1. The streets now dark and empty in a city that was once full.

It was a full moon-lit night when all mayhem was let loose.

Neighbour killing neigbour, with some even doing so in God's name.

Houses torn down and deserted and their owners nowhere to be found


War, War,  war... everywhere I turn... fear and despair, ooooo.

2. Some philosophies and ideologies are the stuff with which wars are made.

'Live and let us live' if we would thrive and survive.

Because what you can't get through dialogue, the barrel of the gun might not give.

We must learn to live together or we risk perishing as fools**



** Dr Martin Luther King, Jr once offered this advice as an antidote to violence.


Try listening to this track again and share it with friends and family! For those of you musically inclined and who play an instrument can you try covering this song and/or recommending it to a music group or band?  Let me know if you need any help.

Some thoughts About 'Tribute'

The Second World War was, in my mind, the most epochal event of the 20th century. So I not only read books and watch movies about it but also have had the priviledge of interviewing some active participants including Jamie, the subject of 'Tribute'. Interestingly many of my friends in the UK have had parents, uncles and grand parents who answered the call of duty and some never made it home alive. The song, 'Tribute' was written to honour the sacrifices of these men and women who risked their lives serving their country. It is also a tribute to men and women in uniform who currently serve altruistically and bravely. I thought I should share the lyrics of this song with you:

 1. Jamie came of age the year the war broke out,

and the cry rang out for fighters of freedom.

But he had a plan to marry in December,

so he went to his dad to get some of his wisdom.

2. 'Son you're now a man, so make your own decisions. 

But to keep intact our cherished basic freedoms,

If you do your part and every else too,

this war could be over just before Christmas'.

3. After many years, when the war had ended,

And in the very year of its big anniversary,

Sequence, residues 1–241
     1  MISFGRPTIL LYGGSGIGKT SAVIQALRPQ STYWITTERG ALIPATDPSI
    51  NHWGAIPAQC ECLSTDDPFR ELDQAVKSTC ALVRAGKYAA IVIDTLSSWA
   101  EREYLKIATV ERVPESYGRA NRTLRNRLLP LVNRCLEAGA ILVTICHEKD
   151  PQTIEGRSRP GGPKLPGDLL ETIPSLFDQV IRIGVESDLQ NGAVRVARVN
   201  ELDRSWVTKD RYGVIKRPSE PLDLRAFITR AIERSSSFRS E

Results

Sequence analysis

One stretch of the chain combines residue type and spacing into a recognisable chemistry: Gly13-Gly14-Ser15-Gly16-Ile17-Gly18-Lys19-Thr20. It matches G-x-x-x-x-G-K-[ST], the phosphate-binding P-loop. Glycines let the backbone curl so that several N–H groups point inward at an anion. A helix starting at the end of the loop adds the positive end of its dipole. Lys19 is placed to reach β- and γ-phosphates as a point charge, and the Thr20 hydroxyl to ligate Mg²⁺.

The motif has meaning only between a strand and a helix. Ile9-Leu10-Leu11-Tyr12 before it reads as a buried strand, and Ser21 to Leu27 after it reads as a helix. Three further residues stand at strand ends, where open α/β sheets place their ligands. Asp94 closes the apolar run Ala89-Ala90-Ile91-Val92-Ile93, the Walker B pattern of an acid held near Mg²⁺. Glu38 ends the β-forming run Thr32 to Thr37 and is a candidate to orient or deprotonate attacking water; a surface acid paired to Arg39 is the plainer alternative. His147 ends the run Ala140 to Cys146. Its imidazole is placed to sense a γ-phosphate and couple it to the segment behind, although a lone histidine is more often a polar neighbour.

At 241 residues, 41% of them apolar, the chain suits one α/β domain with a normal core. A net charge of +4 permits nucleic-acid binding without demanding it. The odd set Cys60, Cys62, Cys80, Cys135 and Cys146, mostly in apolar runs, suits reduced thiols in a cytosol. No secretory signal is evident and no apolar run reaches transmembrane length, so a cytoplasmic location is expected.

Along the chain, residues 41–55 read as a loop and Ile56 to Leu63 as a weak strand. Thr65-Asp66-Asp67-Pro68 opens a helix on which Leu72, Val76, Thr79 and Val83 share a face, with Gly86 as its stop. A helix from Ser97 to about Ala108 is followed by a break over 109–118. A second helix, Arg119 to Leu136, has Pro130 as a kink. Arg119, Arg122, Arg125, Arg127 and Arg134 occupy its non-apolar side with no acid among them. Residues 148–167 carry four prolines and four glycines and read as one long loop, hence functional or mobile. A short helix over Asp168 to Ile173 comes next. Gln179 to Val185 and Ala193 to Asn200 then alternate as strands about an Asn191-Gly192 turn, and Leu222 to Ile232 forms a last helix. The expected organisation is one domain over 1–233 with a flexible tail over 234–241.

With great-grand children visiting with him in his cottage..

he tells them stories of his survival. 

4. So we all arise and salute all the people

 Who paid the price in defence of our freedoms.

And now to those who still serve,

we give to  your our greetings!!


You can listen afresh to this song and perhaps sing along:))   Send the clip to anyone you know with family members who served during this war and/or still currently serve in uniform. I hope they'll be encouraged!  


The Making of The Album


Every track has a story; ‘Tribute’ celebrates the men and women in uniform. It was partly inspired by a meeting Nathan had with a WW II veteran in Lampeter in enchanting Wales. Nathan was at that time a doctoral student at the historic University of Wales Trinity Saint David.  ‘Cancer’ was inspired partly by hearing an emotional testimony by a cancer survivor in January 2017 and also by seeing the determination of a friend battle cancer bravely for four years. Every day men and women still live defiantly against this bully! ‘Bloomsbury’ was a journal reflection after a visit to a part of London where some of his literary heroes once lived. ‘Plea’ is a loved one's encouragement to one who is hurting. ‘Desolation’ is reflection over the ravages of war. In ‘Avyon’ the only song in his mother tongue, Jukun, he offers encouragement and advice. ‘Beauty from the East’ deals with the problem of addiction and homelessness and the associated problem of missing women. ‘Brand New Day’ is a declaration of hope and the possibilities of new beginnings.